Video grab image created on August 14, 2016 taken from a video released on youtube purportedly by Islamist group Boko Haram showing what is claimed to be one of the groups fighters at an undisclosed location standing in front of girls allegedly kidnapped from Chibok in April 2014. Photo: AFP
One of the leading terror experts in the United Kingdom, Richard Barrett, has called on the Federal Government to be wary in releasing detained Boko Haram members capable of reviving its dwindling fortunes in exchange for the abducted Chibok girls.
President Muhammadu Buhari recently said his administration was ready to exchange the Boko Haram detainees for the over 200 schoolgirls kidnapped by the sect from their school in Chibok, Borno State in 2014.
Do You Have Any ITEMS / PRODUCTS To Sell?
Kindly Send Us Your Name, Item / Product Pictures, Location, Price & Phone Number To firstname.lastname@example.org And We Will Help You Publish It To Find A Buyer.
Barrett, a former head of counter-terrorism for MI6 and ex-Director of Global Counter Terrorism Operations for the British Secret Intelligence Service, also expressed confidence in the ability of the Federal Government to be cautious in securing the release of the girls.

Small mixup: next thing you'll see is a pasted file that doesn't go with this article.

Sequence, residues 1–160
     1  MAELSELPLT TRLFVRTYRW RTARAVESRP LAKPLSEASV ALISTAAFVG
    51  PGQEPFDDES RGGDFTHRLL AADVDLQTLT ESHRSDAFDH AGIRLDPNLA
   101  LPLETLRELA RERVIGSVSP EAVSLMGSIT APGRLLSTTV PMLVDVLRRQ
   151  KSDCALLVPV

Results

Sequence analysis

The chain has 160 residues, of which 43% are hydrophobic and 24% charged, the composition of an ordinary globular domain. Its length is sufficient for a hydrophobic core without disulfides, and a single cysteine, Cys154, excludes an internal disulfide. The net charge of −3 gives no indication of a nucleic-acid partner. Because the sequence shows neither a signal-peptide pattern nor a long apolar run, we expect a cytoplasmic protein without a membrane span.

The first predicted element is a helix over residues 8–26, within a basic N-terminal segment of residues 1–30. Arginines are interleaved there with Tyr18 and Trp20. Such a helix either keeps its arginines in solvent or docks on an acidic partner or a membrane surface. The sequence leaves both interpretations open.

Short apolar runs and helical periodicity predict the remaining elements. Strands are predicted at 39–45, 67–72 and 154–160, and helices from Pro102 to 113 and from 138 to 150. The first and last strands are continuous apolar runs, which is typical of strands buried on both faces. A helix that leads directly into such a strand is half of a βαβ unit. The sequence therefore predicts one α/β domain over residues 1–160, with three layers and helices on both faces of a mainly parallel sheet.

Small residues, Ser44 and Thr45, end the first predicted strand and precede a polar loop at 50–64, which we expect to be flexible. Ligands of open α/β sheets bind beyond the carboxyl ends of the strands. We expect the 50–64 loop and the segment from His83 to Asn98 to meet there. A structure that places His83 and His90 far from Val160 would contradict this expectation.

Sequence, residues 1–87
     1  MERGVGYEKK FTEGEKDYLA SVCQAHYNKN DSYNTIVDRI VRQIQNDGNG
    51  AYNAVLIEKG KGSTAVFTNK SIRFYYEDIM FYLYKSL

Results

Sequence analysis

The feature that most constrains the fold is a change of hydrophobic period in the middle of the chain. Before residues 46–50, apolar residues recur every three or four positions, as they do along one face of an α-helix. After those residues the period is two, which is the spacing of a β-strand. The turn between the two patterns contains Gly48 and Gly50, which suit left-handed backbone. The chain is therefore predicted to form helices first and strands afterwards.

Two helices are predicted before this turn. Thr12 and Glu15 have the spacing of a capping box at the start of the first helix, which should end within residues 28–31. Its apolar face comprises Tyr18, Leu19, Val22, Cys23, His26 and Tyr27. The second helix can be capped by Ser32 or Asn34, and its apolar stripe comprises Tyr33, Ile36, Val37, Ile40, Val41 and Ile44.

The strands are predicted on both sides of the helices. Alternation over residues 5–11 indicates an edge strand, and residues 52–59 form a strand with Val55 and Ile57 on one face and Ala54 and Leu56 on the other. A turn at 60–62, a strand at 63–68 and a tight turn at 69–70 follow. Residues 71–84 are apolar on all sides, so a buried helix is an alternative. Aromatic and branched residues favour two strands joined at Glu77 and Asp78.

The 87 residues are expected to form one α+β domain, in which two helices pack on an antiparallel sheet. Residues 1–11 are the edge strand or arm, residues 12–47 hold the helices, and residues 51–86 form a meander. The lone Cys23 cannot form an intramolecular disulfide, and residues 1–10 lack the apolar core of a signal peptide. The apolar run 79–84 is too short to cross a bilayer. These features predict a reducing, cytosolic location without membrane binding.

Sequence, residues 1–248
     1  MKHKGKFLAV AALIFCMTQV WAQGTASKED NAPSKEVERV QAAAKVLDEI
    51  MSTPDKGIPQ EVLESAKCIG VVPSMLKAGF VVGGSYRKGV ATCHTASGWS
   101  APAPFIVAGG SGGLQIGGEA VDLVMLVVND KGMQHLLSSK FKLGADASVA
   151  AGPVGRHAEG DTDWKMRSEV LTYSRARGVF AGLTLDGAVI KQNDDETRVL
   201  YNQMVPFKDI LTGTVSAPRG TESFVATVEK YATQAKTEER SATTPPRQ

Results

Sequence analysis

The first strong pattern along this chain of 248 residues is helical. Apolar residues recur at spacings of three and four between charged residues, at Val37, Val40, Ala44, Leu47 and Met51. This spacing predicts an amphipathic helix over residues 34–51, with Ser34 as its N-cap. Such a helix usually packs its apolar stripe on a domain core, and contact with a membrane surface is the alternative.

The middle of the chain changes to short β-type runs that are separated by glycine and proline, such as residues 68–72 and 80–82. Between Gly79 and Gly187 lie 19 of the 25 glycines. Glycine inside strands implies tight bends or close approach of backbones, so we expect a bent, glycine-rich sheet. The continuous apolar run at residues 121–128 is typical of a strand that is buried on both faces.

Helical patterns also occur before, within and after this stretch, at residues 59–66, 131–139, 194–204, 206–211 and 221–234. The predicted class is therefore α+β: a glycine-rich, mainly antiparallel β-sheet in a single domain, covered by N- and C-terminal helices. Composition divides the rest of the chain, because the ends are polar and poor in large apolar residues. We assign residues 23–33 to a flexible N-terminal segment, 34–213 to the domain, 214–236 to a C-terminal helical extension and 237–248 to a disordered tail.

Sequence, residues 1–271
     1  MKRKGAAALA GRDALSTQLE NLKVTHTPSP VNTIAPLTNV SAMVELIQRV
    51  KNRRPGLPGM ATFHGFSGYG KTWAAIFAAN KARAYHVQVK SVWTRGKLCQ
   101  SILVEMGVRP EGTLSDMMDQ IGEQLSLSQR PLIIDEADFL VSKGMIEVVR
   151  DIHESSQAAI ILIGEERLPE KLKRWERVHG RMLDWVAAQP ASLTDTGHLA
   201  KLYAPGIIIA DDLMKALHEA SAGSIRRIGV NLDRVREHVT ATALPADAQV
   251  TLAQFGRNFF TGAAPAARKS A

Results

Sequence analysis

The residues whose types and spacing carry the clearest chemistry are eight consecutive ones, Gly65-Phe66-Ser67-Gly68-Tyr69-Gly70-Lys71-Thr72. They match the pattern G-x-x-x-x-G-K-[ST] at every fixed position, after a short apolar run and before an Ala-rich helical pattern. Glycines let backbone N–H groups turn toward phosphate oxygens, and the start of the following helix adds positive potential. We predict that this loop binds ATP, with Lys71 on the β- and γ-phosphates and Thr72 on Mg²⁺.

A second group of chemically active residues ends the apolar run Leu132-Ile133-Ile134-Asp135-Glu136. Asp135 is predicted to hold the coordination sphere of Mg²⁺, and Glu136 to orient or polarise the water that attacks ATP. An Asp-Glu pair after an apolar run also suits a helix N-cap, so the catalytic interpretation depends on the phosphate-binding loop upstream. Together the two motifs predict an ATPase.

He said, ‘‘The government will also need to be certain that it is not releasing prisoners that will revive Boko Haram fortunes just at a time when the movement is split and the leader may be severely wounded. If the prisoners have been part of a programme of rehabilitation while in custody, then their reabsorption into the movement could help weaken it. I am sure the government will be very careful in securing the release of the Chibok girls to ensure that there are systems in place to help their rehabilitation.’’
In an email exchange with our correspondent, the counter-terrorism expert, who sits on the boards of the International Centre for Counter-Terrorism in The Hague and the Centre for Research and Security Studies in Islamabad among others, noted that many of the girls would have been traumatised by the experience.
“Many will have been seriously traumatised by their experience and find reconnecting with their families and picking up their old lives very difficult without support. Some may have formed close attachments to their Boko Haram ‘husbands,’ others will have been badly abused,” Barrett stated.
278 total views, 2 views today